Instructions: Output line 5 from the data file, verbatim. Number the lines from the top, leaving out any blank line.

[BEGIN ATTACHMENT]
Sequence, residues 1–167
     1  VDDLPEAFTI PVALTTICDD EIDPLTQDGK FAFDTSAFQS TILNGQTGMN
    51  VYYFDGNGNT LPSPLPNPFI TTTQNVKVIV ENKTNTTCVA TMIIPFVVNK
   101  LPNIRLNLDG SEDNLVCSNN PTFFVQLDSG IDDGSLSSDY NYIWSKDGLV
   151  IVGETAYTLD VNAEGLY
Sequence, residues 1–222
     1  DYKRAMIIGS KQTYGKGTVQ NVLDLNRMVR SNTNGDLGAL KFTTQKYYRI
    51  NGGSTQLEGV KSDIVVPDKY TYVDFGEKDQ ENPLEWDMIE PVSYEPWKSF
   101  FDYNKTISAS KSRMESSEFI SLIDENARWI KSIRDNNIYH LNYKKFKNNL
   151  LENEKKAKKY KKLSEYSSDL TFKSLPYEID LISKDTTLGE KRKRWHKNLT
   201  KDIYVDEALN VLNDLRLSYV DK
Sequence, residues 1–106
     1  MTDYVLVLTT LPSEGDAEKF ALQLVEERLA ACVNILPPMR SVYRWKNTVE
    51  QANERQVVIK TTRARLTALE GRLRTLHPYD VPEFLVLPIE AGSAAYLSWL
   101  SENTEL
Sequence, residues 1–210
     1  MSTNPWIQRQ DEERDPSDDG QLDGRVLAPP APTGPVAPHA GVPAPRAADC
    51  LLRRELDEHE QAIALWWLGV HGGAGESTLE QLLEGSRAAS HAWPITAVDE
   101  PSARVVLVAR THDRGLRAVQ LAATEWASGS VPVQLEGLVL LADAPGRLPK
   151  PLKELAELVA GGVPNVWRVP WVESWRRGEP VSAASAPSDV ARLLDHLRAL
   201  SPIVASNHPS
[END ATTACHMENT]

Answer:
   151  IVGETAYTLD VNAEGLY